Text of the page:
Dan Stimson was so big at age 12 that he carried his birth certificate to Little League baseball games to prove he was eligible. Larger still was his personality, which bonds hundreds of William and Mary track and field athletes graced by his coaching, counsel and friendship.
“I’ve never seen a coach where as many athletes loved him,” said Randy Hawthorne, a decades-long W&M track benefactor. “He took such an interest in them. He was like a giant teddy bear, and he was always so jovial and happy and willing to help out.”
Stimson, 68, died last month of natural causes, six-plus years after retiring as the Tribe’s director of track and cross country. The outpouring from his extended family hasn’t stopped since and will peak Sunday with a 2 p.m., memorial service at Williamsburg United Methodist Church.
With technical expertise and a knack for grooming coaches, Stimson built a powerhouse program at W&M. In 25 years as director, his teams, men’s and women’s, won 49 Colonial Athletic Association championships and earned 64 individual All-American awards.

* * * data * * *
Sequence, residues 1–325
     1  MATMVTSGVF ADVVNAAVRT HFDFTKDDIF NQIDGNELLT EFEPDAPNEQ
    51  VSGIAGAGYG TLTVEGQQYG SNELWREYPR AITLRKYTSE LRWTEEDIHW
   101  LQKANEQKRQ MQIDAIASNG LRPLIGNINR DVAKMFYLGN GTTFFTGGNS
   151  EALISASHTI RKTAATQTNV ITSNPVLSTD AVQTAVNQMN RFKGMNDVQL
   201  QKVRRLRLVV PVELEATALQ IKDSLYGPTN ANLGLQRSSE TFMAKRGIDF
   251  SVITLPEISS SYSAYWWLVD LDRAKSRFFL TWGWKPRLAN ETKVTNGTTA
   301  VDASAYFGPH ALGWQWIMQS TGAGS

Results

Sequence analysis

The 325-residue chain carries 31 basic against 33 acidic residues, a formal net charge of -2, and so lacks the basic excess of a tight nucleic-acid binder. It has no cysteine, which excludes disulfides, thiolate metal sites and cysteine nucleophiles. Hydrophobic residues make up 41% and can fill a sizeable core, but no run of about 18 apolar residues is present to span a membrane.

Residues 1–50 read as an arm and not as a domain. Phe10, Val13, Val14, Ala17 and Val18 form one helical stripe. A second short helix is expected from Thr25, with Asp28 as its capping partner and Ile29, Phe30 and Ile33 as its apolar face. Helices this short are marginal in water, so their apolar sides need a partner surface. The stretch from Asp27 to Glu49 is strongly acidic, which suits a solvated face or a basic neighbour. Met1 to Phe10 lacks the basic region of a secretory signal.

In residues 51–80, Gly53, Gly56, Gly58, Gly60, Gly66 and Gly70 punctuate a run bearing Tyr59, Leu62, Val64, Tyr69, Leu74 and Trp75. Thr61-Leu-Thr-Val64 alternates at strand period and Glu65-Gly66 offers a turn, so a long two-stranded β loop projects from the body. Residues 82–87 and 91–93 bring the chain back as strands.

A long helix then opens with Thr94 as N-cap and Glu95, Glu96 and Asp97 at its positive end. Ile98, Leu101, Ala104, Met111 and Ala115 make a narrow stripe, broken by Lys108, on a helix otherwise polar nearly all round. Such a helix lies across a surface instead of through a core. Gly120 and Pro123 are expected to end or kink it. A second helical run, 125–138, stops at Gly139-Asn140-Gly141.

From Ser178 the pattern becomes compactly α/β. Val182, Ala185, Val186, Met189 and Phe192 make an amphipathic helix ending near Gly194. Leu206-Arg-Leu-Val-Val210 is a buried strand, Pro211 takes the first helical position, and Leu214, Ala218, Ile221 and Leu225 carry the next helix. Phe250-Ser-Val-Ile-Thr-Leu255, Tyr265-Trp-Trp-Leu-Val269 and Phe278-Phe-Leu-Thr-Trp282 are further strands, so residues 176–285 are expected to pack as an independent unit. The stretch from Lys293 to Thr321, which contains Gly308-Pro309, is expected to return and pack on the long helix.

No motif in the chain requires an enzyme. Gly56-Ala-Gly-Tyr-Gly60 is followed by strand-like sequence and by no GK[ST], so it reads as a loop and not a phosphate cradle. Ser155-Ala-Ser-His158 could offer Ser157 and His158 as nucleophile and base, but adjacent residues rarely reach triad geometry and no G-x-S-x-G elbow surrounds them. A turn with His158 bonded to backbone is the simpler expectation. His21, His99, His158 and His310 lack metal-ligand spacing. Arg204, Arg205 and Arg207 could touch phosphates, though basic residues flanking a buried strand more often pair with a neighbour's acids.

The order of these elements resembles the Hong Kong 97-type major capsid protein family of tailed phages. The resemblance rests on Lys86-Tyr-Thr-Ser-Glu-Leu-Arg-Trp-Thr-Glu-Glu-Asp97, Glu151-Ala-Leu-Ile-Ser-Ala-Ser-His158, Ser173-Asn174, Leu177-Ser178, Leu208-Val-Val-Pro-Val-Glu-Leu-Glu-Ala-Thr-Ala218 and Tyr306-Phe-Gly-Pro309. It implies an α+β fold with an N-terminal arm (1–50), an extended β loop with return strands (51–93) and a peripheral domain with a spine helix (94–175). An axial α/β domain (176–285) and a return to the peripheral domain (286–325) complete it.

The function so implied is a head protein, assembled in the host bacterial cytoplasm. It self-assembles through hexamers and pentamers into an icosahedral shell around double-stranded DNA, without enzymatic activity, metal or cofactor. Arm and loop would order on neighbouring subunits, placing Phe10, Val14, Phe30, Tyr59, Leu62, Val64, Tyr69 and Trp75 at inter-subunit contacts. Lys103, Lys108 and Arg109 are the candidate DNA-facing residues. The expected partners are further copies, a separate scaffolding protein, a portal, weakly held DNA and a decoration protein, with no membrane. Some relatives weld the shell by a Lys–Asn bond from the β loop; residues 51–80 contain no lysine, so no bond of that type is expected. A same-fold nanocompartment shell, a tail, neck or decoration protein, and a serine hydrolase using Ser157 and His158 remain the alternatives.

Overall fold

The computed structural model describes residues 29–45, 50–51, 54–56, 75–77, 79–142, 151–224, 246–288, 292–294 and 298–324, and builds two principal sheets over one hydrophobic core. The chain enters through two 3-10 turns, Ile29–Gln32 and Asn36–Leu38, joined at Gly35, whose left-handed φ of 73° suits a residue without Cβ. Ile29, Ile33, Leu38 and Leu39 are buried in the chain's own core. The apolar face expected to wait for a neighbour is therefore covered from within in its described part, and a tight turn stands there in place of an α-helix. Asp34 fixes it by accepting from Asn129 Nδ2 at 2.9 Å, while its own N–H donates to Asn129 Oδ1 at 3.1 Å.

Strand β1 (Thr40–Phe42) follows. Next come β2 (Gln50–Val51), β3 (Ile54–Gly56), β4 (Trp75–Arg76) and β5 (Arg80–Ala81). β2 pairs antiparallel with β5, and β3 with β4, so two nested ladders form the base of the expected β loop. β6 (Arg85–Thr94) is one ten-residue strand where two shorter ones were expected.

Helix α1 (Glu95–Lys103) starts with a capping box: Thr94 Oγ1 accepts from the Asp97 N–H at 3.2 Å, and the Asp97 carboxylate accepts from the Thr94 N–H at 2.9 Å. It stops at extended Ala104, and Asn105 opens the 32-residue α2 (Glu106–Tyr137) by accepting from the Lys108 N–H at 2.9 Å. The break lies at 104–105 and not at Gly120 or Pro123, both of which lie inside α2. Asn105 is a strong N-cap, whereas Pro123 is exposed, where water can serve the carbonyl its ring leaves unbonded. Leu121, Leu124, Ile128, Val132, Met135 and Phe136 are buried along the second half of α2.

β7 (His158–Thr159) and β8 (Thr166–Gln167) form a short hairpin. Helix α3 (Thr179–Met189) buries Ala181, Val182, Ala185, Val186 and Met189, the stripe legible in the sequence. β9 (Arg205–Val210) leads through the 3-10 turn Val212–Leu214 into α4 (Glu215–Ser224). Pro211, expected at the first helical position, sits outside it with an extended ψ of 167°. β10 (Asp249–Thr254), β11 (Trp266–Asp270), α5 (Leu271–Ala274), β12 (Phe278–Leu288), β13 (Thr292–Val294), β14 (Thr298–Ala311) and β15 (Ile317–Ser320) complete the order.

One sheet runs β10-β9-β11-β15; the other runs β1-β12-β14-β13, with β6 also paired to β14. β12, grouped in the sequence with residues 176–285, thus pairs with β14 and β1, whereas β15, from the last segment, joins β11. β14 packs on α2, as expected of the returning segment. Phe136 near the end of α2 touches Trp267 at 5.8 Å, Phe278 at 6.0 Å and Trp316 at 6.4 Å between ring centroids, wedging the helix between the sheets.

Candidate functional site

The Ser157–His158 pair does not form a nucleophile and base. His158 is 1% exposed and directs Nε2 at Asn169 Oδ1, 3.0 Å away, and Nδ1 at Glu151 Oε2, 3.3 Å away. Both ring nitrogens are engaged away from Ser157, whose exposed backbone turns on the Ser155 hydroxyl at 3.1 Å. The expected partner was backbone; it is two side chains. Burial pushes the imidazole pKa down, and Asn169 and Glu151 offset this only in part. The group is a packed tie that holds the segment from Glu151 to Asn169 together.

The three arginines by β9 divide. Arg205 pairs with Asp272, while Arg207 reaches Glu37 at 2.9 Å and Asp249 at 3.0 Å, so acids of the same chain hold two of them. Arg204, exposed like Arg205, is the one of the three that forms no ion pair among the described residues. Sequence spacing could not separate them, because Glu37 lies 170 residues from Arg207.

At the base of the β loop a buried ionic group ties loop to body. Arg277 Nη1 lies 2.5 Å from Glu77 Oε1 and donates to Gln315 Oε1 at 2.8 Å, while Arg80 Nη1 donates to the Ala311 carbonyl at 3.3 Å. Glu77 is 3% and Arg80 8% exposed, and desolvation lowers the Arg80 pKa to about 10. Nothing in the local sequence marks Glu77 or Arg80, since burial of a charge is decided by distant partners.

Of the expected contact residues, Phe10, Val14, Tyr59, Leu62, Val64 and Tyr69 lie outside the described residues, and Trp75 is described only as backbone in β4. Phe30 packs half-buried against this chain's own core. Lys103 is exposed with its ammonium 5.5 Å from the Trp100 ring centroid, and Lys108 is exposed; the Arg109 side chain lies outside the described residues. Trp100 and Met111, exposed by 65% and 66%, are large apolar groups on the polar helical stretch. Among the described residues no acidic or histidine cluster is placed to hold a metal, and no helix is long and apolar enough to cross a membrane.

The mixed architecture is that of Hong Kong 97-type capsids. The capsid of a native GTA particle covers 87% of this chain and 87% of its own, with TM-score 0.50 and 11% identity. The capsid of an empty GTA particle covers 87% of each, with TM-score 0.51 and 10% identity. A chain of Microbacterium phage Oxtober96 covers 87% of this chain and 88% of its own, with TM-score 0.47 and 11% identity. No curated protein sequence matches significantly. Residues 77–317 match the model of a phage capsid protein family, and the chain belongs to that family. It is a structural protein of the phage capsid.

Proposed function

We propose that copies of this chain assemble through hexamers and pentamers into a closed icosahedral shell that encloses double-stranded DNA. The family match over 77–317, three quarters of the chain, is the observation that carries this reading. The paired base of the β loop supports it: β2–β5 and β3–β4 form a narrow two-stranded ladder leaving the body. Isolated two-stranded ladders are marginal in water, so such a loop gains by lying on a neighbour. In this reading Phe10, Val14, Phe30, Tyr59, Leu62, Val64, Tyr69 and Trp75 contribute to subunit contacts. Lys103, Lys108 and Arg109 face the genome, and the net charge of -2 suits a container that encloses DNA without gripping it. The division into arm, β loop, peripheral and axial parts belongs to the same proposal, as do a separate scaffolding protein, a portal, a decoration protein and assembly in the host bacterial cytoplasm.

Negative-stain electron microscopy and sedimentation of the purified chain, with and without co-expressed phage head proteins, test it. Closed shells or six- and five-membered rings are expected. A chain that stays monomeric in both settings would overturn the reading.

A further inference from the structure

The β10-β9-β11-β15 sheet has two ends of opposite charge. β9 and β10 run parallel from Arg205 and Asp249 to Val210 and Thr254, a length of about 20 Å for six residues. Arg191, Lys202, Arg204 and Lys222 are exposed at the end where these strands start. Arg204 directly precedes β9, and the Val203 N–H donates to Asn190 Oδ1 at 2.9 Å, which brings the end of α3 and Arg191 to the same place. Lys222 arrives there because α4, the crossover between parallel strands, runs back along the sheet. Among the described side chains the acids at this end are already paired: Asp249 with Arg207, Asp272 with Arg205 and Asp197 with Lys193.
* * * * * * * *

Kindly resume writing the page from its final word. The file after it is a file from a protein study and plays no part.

How best to put those numbers in context? Well, his four teams — men’s and women’s cross country, and men’s and women’s outdoor track — averaged two conference titles a year for a generation.
How many coaches, in any sport, in any league, would like to win their conference, on average, twice every four years? That’s a stampede you hear.
Most staggering: If Stimson’s teams were a school unto themselves, they would be tied for third overall in CAA championships behind only James Madison (64) and the rest of W&M’s teams (53).
But as with all treasured coaches, the relentless success — Tribe men’s cross country once qualified for 14 consecutive NCAA championships under Stimson — is transcended by relationships.
With a booming voice, infectious laugh and gentle soul, the 300-plus-pound Stimson created a track family, and it was that family, as well as his wife, children and grandchildren, that sustained him as his health declined.